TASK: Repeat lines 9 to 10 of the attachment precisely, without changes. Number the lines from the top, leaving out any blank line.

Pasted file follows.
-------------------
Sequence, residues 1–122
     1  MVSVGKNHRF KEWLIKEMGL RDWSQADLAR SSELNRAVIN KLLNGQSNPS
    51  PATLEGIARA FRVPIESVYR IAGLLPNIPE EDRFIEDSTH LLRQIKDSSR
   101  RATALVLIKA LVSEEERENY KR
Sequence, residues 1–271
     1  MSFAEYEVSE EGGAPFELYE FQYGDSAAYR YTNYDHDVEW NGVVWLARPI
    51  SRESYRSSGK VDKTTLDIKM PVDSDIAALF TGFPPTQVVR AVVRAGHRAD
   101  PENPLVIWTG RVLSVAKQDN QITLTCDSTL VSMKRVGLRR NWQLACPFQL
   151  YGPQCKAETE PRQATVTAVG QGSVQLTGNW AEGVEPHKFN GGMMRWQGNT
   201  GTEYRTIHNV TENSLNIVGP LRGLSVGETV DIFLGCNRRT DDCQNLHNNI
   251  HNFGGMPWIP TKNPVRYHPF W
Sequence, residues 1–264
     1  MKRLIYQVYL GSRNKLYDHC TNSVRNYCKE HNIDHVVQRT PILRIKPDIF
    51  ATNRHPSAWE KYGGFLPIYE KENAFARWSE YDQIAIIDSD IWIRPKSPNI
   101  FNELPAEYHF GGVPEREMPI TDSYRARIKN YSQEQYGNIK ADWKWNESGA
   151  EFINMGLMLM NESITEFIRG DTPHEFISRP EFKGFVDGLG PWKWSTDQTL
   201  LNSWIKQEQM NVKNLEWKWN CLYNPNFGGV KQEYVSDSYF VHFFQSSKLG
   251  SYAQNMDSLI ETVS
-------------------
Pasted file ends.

   151  YGPQCKAETE PRQATVTAVG QGSVQLTGNW AEGVEPHKFN GGMMRWQGNT
   201  GTEYRTIHNV TENSLNIVGP LRGLSVGETV DIFLGCNRRT DDCQNLHNNI